After 103 days of evidence had been heard involving 95 witnesses, 28 legal counsel, 40,762 documents totalling 88,470 pages, 20,000 audio files, 1,081 maps and over 10,000 pages of real-time transcripts, the inquiry ended on 26 July 2006 and Doogan delivered her findings on 19 December 2006. The report – The Canberra Firestorm: inquests and inquiry into four deaths and four fires between 8 and 18 January 2003 – was publicised internationally, as far away as Russia and on the Al Jazeera network.

On the first pages of the two-volume document, Doogan’s letter to the ACT Attorney General sets the scene for the damning report:

it is a miracle that no more than four people died …On the evidence before the inquiry, I conclude that the failure to warn the community – despite senior personnel of the Emergency Services Bureau having knowledge that the fires would burn into the suburbs – was a factor that exacerbated the property losses and resulted in panic and confusion throughout the affected suburbs on the day of the firestorm (Doogan, The Canberra Firestorm, 2006, Vol. 1, covering letter to ACT Attorney General).

Further into the document she reports that while it was perhaps impossible to say whether the catastrophe could have been prevented, it could “be said that the firestorm’s severity and impact could have been mitigated”. (Doogan, The Canberra Firestorm, 2006, Vol. 1, Ch 1, p. 3) Doogan rejected inquiry submissions that the fires could not have been foreseen, citing Australia’s recorded history of fire events dating back to at least 1851 and CSIRO fire expert Mr Phil Cheney’s prediction, based on seven inquiries since 1986 into aspects of the ACT emergency services, of a conflagration of the type experienced in January 2003. (Doogan, The Canberra Firestorm, Vol. 1, Ch 1, p. 3) She emphasised the importance of learning from the catastrophe and expressed the hope that her findings and recommendations would be acted on and “not relegated to the archives to gather dust – as has occurred with the reports of several of the previous inquiries.” (Doogan, The Canberra Firestorm, Vol. 1, Ch 1, p. 4)

While damning the inaction of some, Doogan praised the efforts and bravery of many, commenting that evidence:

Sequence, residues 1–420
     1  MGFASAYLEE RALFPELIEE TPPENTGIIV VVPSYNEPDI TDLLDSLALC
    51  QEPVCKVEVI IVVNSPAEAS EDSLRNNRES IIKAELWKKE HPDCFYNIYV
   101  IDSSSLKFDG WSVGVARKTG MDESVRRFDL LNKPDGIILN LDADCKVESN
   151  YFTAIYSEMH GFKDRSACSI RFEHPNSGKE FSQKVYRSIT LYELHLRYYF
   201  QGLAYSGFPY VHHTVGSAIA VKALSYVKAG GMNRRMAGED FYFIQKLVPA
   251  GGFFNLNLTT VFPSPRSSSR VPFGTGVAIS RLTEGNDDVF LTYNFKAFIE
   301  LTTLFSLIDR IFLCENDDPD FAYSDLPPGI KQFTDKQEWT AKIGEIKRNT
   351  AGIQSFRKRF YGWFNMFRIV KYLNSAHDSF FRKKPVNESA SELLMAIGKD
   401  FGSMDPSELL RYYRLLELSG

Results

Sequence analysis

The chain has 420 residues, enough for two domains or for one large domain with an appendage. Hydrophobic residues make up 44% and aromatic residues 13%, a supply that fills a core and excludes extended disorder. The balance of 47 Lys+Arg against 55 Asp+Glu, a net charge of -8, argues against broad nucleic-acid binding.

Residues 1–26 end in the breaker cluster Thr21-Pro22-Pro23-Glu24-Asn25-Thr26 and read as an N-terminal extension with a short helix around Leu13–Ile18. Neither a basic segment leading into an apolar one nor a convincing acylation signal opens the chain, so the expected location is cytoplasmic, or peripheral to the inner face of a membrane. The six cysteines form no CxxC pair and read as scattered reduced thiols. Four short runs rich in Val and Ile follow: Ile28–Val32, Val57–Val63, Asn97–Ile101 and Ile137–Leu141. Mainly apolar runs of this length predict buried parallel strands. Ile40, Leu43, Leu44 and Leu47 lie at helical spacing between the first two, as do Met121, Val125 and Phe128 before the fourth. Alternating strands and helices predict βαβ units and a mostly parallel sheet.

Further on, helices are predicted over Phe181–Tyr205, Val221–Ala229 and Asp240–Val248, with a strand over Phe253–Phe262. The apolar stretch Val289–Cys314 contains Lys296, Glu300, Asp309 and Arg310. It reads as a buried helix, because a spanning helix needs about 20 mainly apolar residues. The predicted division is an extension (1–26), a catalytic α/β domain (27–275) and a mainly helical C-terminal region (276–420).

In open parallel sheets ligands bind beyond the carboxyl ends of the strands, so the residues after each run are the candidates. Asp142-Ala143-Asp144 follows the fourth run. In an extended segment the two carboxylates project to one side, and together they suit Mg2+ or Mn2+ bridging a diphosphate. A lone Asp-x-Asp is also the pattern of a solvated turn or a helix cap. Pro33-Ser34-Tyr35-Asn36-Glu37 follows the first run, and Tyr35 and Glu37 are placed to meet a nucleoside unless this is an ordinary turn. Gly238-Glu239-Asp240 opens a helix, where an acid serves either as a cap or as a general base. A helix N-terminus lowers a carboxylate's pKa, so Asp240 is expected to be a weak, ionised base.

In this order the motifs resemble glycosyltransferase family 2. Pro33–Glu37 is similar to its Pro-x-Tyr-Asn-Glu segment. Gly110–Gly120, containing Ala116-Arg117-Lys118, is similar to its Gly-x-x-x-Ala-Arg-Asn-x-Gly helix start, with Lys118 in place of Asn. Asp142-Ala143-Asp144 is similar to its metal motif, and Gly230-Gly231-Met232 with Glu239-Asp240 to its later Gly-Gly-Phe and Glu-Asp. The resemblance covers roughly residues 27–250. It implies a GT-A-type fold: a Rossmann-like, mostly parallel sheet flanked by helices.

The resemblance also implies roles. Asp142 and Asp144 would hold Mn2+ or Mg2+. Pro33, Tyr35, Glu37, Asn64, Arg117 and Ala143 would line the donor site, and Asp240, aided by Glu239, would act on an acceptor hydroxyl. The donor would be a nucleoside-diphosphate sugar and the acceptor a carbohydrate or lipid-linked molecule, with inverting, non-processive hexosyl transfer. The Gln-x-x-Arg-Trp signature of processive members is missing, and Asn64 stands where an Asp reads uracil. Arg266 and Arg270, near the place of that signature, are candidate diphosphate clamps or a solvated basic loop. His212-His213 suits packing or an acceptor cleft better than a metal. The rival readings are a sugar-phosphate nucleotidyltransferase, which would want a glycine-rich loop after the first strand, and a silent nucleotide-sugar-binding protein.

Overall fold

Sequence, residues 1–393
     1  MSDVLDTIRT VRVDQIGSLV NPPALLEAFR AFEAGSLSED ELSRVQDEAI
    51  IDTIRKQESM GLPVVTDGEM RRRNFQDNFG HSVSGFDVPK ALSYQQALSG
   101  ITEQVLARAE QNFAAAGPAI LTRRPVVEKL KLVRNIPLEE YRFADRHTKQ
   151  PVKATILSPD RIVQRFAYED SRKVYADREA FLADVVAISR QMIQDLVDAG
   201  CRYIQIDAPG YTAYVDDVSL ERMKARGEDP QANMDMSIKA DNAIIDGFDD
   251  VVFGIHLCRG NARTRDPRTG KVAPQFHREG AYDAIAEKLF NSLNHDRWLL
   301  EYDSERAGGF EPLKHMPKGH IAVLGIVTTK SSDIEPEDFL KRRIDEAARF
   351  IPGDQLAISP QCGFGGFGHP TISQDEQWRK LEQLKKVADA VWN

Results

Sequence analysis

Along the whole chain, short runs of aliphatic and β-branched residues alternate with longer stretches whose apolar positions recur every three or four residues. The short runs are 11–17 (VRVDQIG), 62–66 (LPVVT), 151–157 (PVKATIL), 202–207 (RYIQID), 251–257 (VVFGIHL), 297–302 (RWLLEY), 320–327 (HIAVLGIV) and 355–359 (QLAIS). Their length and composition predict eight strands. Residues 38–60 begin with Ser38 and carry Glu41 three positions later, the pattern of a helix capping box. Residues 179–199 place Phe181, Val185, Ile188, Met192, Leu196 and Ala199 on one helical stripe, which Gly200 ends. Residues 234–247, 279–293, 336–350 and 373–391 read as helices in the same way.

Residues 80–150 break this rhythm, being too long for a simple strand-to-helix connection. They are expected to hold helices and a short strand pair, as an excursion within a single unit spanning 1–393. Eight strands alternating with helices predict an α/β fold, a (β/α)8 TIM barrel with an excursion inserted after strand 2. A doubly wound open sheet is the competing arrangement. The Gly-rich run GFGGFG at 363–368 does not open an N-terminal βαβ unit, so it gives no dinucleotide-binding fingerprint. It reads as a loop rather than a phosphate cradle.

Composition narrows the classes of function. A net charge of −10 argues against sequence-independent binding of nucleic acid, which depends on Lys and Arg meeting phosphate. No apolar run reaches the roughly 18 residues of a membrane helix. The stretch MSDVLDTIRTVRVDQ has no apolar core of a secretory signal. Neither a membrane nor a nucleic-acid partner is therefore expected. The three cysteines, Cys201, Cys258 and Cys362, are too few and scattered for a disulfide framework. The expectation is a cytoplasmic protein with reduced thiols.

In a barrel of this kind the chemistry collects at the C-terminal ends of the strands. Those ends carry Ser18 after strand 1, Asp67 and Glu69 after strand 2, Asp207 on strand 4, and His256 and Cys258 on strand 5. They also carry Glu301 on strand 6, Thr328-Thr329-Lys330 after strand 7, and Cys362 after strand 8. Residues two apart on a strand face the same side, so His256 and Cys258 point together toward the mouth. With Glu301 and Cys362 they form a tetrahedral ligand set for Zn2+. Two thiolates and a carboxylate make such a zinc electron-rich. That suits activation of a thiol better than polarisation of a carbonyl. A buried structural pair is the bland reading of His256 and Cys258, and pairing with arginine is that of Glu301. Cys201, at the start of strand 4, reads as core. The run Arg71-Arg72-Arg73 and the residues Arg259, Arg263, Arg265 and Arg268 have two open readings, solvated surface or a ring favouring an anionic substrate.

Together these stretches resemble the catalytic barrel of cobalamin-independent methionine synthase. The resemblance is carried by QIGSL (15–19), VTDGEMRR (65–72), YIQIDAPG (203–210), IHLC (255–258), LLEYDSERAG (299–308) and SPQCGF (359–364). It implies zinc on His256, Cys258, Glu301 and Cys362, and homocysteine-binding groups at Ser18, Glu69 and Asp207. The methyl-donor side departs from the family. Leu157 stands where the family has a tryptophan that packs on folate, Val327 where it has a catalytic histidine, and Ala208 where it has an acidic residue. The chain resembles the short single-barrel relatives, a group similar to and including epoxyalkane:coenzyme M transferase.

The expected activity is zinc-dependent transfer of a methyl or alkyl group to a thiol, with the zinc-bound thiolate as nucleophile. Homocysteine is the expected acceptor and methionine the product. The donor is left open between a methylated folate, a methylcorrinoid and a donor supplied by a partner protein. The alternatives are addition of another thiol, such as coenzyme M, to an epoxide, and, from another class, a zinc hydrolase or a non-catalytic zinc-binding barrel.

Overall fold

revealed that those in authority could, and should, have done many things to reduce the extent of disaster and loss. The evidence revealed highly commendable efforts – and, indeed, bravery – on the part of volunteer, rural and urban firefighters, parks and forestry staff, the rural landholders, the police, ambulance personnel, the many people who came from interstate to help and, not least, the large number of people in the ACT community who came together to help one another in the face of a terrible event. (Doogan, The Canberra Firestorm, Vol. 1, Ch 1, p. 4)

In a Canberra Times article published on the announcement of her retirement in March 2012, Doogan provides insight into her perception of the significance of the coroner’s role for the community and demonstrates the compassion and clarity she brought to the Coronial Inquiry:

Investigations into coronial matters are very important – it’s the last act that the community can do for somebody, to determine how they died. It’s an overused word, closure, but the families really look for closure from coronials (Rudra, Canberra Times, 30 March 2012)

Maria Doogan resigned from the magistracy in March 2012. She lives in Canberra.


Published resources

Archival resources

  • National Archives of Australia, National Office, Canberra
    • KOWAL Stefan born 2 March 1923; Wiktoria born 11 November 1915; Miroslawa born 27 October 1947

Related entries

  • Related Organisations
    • Supreme Court of the Australian Capital Territory (1934 - )
    • A.C.T. Magistrates Court (1930 - )